Seattle, Washington was the hub for our two nation vacation. What follows are observations, reviews and recommendations for your visit to Seattle.
Downtown Seattle: Acceptance & Tolerance
If the Seattle Destination Marketing Organization (DMO) is seeking a motto or tagline, I recommend “Acceptance & Tolerance.” One 40-minute ride on the very clean, efficient Link Light Rail from the Seattle-Tacoma airport to Westlake Station downtown provided plenty of examples to support this nomination.
Time after time, during our four-day stay, we remarked about how “anything goes here.” We don’t mean vagrancy and crime are tolerated but expression of oneself is-in clothing, in word and behavior. No one seemed to be too bothered by what sociologists call counterculture. Every color and length of hair, dress and expression were seen. Stepping into the daylight from the downtown light rail station, a busker, surrounded by curious seekers of all ages and races, entertained to applause. Those offended moved on without comment or gesture. Nice.
Barrier-Free Curbs in Downtown Seattle
Wheeling our luggage to the Warwick Hotel, one quickly notices barrier-free city sidewalks marked with curb ramps, making it easy for pedestrians, especially those in wheelchairs or with visual impairments, to navigate. Later, walking downhill to Pike Place Market, individuals in wheelchairs and others walking with canes were seen. Seattle gets major applause for creating spaces for citizens of all abilities to move around and enjoy the city.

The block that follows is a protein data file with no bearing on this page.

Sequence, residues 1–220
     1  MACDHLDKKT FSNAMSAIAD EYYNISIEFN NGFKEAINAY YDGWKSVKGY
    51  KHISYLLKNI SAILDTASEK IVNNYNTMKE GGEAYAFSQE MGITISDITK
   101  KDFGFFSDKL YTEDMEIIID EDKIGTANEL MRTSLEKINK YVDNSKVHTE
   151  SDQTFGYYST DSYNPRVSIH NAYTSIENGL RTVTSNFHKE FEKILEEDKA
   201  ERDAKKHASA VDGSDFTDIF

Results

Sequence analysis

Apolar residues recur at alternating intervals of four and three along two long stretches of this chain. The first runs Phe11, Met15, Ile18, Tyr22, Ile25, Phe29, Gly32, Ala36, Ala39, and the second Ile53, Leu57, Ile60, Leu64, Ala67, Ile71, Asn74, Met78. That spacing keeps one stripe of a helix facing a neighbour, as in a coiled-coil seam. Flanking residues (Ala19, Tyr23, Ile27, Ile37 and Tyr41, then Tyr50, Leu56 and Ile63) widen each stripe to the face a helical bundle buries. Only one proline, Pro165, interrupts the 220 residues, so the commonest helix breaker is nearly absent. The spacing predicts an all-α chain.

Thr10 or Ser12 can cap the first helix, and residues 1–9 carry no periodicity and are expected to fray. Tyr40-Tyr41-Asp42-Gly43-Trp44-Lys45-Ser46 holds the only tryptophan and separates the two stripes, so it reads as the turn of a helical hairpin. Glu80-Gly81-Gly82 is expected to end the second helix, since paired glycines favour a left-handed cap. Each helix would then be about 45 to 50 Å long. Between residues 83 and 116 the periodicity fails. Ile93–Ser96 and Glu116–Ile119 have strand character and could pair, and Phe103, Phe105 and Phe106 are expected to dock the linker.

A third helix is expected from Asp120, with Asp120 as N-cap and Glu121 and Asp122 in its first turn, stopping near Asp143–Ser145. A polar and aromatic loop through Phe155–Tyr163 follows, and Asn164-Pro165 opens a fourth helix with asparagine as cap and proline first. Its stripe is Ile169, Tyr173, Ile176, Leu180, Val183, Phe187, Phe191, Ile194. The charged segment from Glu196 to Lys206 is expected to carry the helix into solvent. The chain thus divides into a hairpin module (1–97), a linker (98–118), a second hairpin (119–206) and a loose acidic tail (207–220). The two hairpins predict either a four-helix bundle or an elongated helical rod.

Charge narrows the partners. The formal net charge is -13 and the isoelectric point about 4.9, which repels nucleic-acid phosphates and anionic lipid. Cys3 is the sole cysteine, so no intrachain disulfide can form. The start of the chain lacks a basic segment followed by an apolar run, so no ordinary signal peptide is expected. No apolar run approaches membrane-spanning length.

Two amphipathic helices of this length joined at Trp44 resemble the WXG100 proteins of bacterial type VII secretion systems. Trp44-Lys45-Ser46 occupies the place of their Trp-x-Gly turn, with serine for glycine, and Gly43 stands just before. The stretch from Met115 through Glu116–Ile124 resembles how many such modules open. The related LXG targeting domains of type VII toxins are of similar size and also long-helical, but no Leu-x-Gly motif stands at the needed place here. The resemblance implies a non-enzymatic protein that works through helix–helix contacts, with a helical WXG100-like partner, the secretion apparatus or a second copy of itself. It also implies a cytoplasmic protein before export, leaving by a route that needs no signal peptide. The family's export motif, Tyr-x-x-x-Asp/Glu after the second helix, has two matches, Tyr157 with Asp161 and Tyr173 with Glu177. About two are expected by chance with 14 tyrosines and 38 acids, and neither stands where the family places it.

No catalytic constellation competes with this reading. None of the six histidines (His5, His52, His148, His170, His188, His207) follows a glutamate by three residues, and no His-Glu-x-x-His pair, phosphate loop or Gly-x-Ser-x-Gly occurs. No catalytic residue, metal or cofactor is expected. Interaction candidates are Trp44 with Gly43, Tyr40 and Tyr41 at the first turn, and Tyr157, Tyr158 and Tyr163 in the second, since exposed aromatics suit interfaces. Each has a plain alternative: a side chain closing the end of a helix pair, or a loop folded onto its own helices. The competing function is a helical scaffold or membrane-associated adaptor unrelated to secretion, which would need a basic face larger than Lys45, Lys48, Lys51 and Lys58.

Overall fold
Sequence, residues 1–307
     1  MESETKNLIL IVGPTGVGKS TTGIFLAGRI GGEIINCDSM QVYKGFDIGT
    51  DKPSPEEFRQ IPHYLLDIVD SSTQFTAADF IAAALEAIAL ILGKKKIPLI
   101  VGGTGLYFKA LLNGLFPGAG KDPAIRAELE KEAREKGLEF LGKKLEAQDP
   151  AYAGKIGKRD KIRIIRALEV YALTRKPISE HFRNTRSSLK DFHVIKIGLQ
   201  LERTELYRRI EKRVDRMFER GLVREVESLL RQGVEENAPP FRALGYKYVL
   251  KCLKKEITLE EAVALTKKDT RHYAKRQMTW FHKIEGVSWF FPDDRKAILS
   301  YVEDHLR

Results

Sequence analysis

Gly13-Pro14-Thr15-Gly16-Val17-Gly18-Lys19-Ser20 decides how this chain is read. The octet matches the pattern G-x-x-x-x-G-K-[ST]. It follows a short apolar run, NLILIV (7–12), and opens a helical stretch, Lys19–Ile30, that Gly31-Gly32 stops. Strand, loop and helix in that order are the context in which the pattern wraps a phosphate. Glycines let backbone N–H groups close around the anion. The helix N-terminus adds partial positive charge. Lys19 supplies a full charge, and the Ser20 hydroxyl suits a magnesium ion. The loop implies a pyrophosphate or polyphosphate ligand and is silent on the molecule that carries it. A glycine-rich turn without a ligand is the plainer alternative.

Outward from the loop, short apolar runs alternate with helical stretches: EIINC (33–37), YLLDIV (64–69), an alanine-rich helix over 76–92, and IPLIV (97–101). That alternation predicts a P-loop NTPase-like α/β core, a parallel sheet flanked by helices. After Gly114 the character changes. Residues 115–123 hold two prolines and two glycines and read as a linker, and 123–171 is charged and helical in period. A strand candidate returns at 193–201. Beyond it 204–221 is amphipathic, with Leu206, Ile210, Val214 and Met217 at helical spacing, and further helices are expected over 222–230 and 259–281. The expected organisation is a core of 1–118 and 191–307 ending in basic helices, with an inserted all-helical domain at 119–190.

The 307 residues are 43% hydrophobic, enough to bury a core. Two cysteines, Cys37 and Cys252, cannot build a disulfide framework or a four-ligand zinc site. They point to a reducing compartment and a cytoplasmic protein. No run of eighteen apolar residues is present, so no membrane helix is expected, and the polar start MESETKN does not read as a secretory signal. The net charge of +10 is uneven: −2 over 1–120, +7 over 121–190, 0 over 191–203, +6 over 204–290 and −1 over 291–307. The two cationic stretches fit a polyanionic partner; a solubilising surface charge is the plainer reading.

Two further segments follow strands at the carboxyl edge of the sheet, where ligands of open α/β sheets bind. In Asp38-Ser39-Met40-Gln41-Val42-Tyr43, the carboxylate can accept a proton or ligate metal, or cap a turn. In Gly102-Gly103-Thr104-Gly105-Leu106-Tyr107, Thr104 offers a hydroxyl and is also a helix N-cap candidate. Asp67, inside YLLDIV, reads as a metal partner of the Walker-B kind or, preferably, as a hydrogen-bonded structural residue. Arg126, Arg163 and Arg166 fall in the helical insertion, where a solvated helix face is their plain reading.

Downtown Lodging & Attractions
The Warwick was our ‘home’ for four days-two on the front end and two on the back-end of our seven-day Pacific Northwest adventure. The location is ideal, particularly for visitors wanting to see popular destinations like Pike Place Market, Chihuly Gardens and Glass, The Space Needle, and the Seattle Center.
It’s also very convenient to the Seattle Great Wheel, the original Starbucks, and the Starbucks Reserve Roastery & Tasting Room.
It is a short 10 to 12-minute walk to Pier 69 where we boarded the Victoria Clipper for a 3-day stay in Victoria and Vancouver, British Columbia, Canada. Plenty of restaurants surround the hotel, in addition to the many at Pike Place Market. Our favorite was Cantina Lena. The Cinerama-a Seattle moviegoers favorite since 1963-is literally across the street from the hotel’s front door. If convenience and short walking distances matter to you, the Warwick is ideally located.
Reviews & Recommendations
Warwick Seattle Hotel
We stayed in a 9th floor Space Needle facing room with two queen beds on the front end of our trip. It was spacious and had a small balcony, safe, refrigerator, and coffee station. The beds were comfortable. Wi-Fi was inconsistent. We ran the fan overnight to cover up the street noise. Mother’s Day housekeeping was slow: We left the room by 9:00 am and returned after 3 pm to find the room still unmade. A parking garage is available (daily fee) and a pool is on the lower level. On the back-end of our trip we requested a room on the city side to reduce street noise. Unfortunately, our neighbor played loud music late into the night. A call to the front desk ended that. The doorman at this hotel is excellent. He knew his guests and went out of his way to accommodate. The front desk staff hospitality was spotty. We never dined here or used the bar. The lobby is quite compact. We would consider a return visit, simply for location reasons, if the nightly rate was competitive.